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KrK
Heavy Artillery For The Little Guy
Premium
join:2000-01-17
Tulsa, OK
reply to David

Re: Fair warning! 3rd party purchase of U-verse IPDSLAM modem

Answer: The firmware is not available in an off-line package that can be used on that page, it is only made available via network push.

And this was clearly by design. Engineered obsolescence and control. Buy from us, and us only--- at whatever price we dictate.... or worse, we won't sell it, and charge you a monthly rental fee.

Honestly: This type of crap ought to be illegal.
--
"Fascism should more properly be called corporatism because it is the merger of state and corporate power." -- Benito Mussolini


Thinkdiff
Premium,MVM
join:2001-08-07
Bronx, NY
kudos:11

1 edit

said by KrK:

Answer: The firmware is not available in an off-line package that can be used on that page, it is only made available via network push.

And this was clearly by design. Engineered obsolescence and control. Buy from us, and us only--- at whatever price we dictate.... or worse, we won't sell it, and charge you a monthly rental fee.

Honestly: This type of crap ought to be illegal.

Agreed. I think it's ridiculous that AT&T calls these "third-party" modems, when they originally sold them. What does it matter if I bought it from somebody else? Obviously this is done to kill the aftermarket and force their $100 fee on everyone.

If my modem is "outdated", then I'm hoping to figure out a way to upgrade it manually, but I'm not so confident it'll be possible.
--
University of Southern California - Fight On!

cramer
Premium
join:2007-04-10
Raleigh, NC
kudos:9
reply to KrK

Correct. But it's about protecting that certificate. With that cert, you can get anything to sign-on as anyone. (in fact, you could get almost any PTM capable VDSL/ADSL modem to work.)



Thinkdiff
Premium,MVM
join:2001-08-07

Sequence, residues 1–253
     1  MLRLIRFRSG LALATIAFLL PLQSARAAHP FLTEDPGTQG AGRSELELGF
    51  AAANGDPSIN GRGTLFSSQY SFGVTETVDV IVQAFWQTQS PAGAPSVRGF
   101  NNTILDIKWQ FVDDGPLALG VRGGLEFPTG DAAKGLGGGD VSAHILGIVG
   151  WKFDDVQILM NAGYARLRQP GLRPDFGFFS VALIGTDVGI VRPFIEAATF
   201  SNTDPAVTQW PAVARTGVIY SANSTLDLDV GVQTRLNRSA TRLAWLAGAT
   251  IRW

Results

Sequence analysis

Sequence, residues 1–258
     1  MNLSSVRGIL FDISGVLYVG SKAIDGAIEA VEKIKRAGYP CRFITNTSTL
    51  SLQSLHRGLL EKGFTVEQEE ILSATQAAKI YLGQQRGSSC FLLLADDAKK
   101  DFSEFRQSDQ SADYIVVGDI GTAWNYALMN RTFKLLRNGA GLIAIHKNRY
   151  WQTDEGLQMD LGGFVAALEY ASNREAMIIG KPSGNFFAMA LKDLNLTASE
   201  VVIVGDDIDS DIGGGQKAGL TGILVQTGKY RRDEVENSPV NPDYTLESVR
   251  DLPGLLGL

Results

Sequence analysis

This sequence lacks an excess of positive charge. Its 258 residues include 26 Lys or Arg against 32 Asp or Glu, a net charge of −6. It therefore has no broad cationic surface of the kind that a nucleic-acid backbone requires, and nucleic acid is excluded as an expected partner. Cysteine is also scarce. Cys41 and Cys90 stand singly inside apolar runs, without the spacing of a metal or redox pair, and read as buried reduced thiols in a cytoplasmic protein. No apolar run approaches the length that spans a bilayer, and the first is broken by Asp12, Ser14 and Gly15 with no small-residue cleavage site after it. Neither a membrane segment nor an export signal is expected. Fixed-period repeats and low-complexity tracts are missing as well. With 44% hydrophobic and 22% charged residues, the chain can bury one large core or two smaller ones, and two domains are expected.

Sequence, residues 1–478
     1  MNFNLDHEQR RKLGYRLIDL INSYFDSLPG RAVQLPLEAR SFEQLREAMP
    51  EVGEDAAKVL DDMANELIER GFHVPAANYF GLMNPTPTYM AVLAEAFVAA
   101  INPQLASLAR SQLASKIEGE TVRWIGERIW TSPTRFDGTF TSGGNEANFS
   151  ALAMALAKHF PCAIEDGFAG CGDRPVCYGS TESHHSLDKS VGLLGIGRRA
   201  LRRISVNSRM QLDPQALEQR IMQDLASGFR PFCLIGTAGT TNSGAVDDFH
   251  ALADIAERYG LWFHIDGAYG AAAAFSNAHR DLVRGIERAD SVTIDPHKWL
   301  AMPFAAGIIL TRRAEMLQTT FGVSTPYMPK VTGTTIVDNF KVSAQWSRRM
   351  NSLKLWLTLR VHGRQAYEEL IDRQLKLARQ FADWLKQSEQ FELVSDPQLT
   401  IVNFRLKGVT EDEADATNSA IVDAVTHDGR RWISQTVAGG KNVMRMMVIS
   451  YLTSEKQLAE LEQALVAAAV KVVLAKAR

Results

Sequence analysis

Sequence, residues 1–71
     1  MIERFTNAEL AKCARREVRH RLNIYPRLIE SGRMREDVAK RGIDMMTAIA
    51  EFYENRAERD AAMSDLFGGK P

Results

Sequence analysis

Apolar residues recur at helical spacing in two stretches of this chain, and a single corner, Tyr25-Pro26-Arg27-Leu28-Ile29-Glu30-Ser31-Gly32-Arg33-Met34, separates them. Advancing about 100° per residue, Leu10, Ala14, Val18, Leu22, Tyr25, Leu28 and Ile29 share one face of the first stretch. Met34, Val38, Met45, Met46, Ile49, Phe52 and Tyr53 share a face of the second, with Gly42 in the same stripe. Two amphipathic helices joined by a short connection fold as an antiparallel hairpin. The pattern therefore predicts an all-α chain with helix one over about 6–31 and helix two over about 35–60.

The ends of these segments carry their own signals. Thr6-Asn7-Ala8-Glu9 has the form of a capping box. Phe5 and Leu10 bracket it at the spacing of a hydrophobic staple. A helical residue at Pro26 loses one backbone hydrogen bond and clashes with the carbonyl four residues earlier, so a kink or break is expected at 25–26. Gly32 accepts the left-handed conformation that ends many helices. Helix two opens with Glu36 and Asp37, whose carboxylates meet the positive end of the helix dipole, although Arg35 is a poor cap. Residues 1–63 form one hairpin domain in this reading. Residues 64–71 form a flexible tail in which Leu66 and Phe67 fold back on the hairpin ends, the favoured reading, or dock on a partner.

Bronx, NY
kudos:11

And what is the downside of using any modem? It worked just fine with ATM based ADSL (from a consumer standpoint).

I don't understand AT&T's stranglehold on the modem, other than they really don't want to lose out on the modem fees.
--
University of Southern California - Fight On!


cramer
Premium
join:2007-04-10
Raleigh, NC
kudos:9

The modem isn't the issue. Securing access to the network is. Uverse isn't using PPPoE to identify accounts. People are a lot more careful with their username/password; they cannot be with a device serial number and the same cert used by everybody. (read: everyone has the same username (cert) and the serialno is the password.) Granted, one still needs physical access to the network (read: dsl service) for this to work -- 'tho DSLAM ports can be turned on and off. [that's what we used to do sans PPPoE... customer stops paying the bill, we turn the port off.]



Thinkdiff
Premium,MVM
join:2001-08-07
Bronx, NY
kudos:11

The CA is public knowledge. You can distribute it anywhere without any loss in security. Presumably the modem has other identifying certs or serial numbers that are used during the 802.1x authentication process.

Even without that, you said it yourself. Authentication is mainly handled at the physical level by deactivating the port at the CO. The rest is just to keep unauthorized modems (not users) off the network.
--
University of Southern California - Fight On!



LightS
Premium
join:2005-12-17
Greenville, TX
reply to KrK

said by KrK:

Answer: The firmware is not available in an off-line package that can be used on that page, it is only made available via network push.

And this was clearly by design. Engineered obsolescence and control. Buy from us, and us only--- at whatever price we dictate.... or worse, we won't sell it, and charge you a monthly rental fee.

Honestly: This type of crap ought to be illegal.